## Position in a random permutation

In a random permutation of the first $$n$$ natural numbers, what is the probability that $$k$$ appears before all the numbers greater than itself where $$1 \le k \le n$$?

[SOLVED]

#### Tim Ophelders solved this puzzle:

Call a permutation in which $$k$$ appears before all the numbers greater than itself correct and let $$p(X, k)$$ denote the probability that a random permutation of $$X$$ is correct. What is the probability, $$p(1..n, k)$$, that a random permutation of the first $$n$$ natural numbers is correct?

$$p(k..n,k) = \frac{1}{|k..n|} = \frac{1}{n - k + 1}$$ because a permutation of $$k..n$$ is correct if and only if it starts with $$k$$. All other numbers are greater than $$k$$; thus if $$k$$ is not in the first position, a greater number must take its place, making the permutation incorrect.

Note that inserting any number of numbers less than $$k$$ to an arrangement does not affect its correctness. Since every number in $$1..n \setminus k..n = 1..(k-1)$$ is less than $$k$$, $$p(1..n, k) = p(k..n, k) = \frac{1}{n - k + 1}$$.

#### Rino Raj solved this puzzle:

Let us consider $$k$$ appearing at the $$x$$th place, where $$1 \le x \le k$$. $$x \in \{1, 2, \dots, k\}$$ because if $$x > k$$, then at least one of the places before $$k$$ must be occupied by a number larger than $$k$$, which is not permissible. Since all the numbers that appear before $$k$$ must be smaller than $$k$$, there are $$P(k - 1, x - 1)$$ ways of arranging numbers in the first $$x - 1$$ places. The remaining numbers can be arranged in one of $$(n - x)!$$ ways after $$k$$. Hence there are $$\frac{(k - 1)! \cdot (n - x)!}{(k - x)!}$$ ways to arrange the numbers such that $$k$$ is at the $$x$$th place and it appears before all the numbers greater than itself.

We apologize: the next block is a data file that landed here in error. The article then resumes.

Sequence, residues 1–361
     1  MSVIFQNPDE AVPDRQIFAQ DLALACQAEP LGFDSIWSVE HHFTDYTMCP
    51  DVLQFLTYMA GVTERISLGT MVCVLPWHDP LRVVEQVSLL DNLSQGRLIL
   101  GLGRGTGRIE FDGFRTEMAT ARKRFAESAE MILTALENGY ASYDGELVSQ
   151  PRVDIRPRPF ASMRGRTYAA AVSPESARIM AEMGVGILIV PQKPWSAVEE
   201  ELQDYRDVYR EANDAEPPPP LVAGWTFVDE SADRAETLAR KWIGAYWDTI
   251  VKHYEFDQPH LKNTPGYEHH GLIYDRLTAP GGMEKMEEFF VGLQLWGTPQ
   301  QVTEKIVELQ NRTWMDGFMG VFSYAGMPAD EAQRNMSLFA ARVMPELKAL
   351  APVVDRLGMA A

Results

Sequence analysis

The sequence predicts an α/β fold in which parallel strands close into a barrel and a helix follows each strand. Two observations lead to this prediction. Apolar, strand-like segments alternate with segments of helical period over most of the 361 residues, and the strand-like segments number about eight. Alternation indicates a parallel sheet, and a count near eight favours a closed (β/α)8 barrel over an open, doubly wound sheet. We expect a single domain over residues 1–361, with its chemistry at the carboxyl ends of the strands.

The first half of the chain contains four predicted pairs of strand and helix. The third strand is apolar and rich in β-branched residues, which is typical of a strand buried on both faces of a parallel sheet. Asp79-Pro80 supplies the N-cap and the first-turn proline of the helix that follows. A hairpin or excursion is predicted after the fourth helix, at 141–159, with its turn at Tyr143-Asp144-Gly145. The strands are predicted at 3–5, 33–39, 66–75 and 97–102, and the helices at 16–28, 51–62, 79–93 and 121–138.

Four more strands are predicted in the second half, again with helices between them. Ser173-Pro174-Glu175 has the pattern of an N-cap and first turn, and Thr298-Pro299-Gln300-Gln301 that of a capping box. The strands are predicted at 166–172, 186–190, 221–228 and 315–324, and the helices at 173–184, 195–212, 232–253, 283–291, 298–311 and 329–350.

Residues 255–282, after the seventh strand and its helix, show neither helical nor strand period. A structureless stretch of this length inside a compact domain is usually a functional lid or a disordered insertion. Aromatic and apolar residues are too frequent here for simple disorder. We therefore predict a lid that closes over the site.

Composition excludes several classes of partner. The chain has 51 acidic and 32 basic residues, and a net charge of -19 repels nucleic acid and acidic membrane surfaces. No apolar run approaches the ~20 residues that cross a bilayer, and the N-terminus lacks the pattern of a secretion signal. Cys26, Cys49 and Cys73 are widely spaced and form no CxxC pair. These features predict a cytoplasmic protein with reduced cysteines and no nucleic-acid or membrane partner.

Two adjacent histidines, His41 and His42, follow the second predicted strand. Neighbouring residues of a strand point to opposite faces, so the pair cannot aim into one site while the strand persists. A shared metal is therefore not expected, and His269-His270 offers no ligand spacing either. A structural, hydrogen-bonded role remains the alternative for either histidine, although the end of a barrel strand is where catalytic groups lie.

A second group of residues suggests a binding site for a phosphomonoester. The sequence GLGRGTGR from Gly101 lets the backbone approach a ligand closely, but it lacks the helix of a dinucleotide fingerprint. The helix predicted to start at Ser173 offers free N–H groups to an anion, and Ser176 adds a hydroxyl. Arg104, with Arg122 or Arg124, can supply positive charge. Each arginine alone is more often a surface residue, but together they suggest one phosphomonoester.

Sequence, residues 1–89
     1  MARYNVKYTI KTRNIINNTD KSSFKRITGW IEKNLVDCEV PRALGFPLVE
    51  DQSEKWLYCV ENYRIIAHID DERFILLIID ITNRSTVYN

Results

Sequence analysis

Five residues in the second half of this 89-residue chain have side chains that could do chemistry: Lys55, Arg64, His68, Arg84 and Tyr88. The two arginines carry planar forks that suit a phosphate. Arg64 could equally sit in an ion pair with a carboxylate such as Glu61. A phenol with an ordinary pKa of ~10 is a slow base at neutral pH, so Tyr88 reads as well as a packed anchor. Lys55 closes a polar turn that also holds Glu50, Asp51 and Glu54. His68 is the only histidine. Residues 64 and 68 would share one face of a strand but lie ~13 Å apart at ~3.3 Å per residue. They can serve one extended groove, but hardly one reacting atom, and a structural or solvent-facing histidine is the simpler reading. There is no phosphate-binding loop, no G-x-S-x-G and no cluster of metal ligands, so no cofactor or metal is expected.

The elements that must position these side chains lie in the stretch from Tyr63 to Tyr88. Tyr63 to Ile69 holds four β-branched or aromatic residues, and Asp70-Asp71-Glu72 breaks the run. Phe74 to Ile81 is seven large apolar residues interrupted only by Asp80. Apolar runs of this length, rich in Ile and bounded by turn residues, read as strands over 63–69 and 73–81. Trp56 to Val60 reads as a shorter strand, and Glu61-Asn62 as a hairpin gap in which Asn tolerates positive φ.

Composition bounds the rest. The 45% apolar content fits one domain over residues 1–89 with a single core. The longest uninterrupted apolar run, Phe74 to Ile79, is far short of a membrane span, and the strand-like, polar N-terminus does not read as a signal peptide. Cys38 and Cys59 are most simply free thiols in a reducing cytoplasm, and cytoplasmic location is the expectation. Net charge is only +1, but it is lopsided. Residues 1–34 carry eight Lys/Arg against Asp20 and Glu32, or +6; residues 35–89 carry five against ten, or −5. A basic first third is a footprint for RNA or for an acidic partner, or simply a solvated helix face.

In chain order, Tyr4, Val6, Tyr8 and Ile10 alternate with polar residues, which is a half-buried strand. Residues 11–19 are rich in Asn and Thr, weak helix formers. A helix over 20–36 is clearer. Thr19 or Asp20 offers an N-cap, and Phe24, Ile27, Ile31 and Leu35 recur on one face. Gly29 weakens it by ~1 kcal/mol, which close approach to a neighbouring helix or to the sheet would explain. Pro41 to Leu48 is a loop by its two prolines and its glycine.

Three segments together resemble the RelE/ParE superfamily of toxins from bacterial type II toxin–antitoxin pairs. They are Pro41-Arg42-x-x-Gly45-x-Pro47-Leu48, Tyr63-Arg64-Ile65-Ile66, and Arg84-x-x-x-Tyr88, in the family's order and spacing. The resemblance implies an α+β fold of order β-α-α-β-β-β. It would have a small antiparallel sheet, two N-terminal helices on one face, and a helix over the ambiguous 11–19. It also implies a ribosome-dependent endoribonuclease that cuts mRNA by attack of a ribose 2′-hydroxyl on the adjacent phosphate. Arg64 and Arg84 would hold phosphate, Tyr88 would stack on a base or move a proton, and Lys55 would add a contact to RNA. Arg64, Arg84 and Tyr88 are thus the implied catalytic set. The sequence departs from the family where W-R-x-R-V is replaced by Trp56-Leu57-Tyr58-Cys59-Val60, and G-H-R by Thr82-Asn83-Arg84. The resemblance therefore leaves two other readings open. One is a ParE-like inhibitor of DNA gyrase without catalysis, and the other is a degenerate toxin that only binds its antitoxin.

As there are $$k$$ possible values of $$x$$ from $$1$$ to $$k$$, the total number of ways to have the required arrangement is

\begin{align} \sum_{x=1}^k \frac{(k - 1)! \cdot (n - x)!}{(k - x)!} & = (k - 1)! \sum_{x=1}^k \frac{(n - x)!}{(k - x)!} \notag \\ & = (k - 1)! \sum_{x=1}^k \binom{n - x}{n - k} (n - k)! \notag \\ & = (k - 1)! \cdot (n - k)! \cdot \sum_{x=1}^k \binom{n - x}{n - k} \notag \\ & = (k - 1)! \cdot (n - k)! \cdot \sum_{i=n-k}^{n-1} \binom{i}{n - k}. \label{eq1} \\ \end{align}

From the hockey-stick identity, we get

\begin{equation} \label{eq2} \sum_{i=n-k}^{n-1} \binom{i}{n - k} = \binom{n}{n - k + 1}. \end{equation}

Using \eqref{eq1} and \eqref{eq2}, we get

\begin{align*} \sum_{x=1}^k \frac{(k - 1)! \cdot (n - x)!}{(k - x)!} & = (k - 1)! \cdot (n - k)! \cdot \sum_{i=n-k}^{n-1} \binom{i}{n - k} \\ & = (k - 1)! \cdot (n - k)! \cdot \binom{n}{n - k + 1} \\ & = (k - 1)! \cdot (n - k)! \cdot \frac{n!}{(n - k + 1)! (k - 1)!} \\ & = \frac{n!}{n - k + 1}. \end{align*}

Since the total number of possible permutations of $$n$$ natural numbers is $$n!$$, the required probability is $$\frac{1}{n - k + 1}$$.

#### Mike Terry solved this puzzle:

There are $$(n - k + 1)$$ numbers greater than or equal to $$k$$. The probability that $$k$$ appears first out of these numbers is $$\frac{1}{n - k + 1}$$.

#### Atul S Vasu solved this puzzle:

Consider the inversion vector $$iv$$ of a permutation of the first $$n$$ natural numbers. It is defined as $$iv[i] =$$ the number of elements greater than $$i$$ to the left of $$i$$ in the permutation where $$i$$ is an integer such that $$1 \leq i \leq n$$.

There is a bijection between the set of permutations of the first $$n$$ natural numbers and the set of all integer vectors $$iv$$ that satisfy $$0 \leq iv[i] \leq n - i$$. For every permutation of the first $$n$$ natural numbers, there is a unique integer vector $$iv$$ such that $$0 \leq iv[i] \leq n - i$$ by the definition of $$iv$$. Similarly for every integer vector $$iv$$ where $$0 \leq iv[i] \leq n - i$$, we can obtain a unique permutation $$p$$ of the first $$n$$ natural numbers using the following construction procedure.

1. Let $$p = ()$$.
2. For each $$i$$ in $$(n, n - 1, \dots, 1)$$, insert $$i$$ into $$p$$ after the $$\bigl(iv[i]\bigr)$$th element of $$p$$.

Now, we need to find the number of possible inversion vectors $$iv$$ such that $$iv[k] = 0$$. Since each $$iv[i]$$ is an integer that can vary from $$0$$ to $$n - i$$ when $$i \neq k$$, the total number of such inversion vectors is $$\frac{n!}{n - k + 1}$$. Therefore, the required probability is $$\frac{1}{n - k + 1}$$.

### Credit

This puzzle is taken from folklore.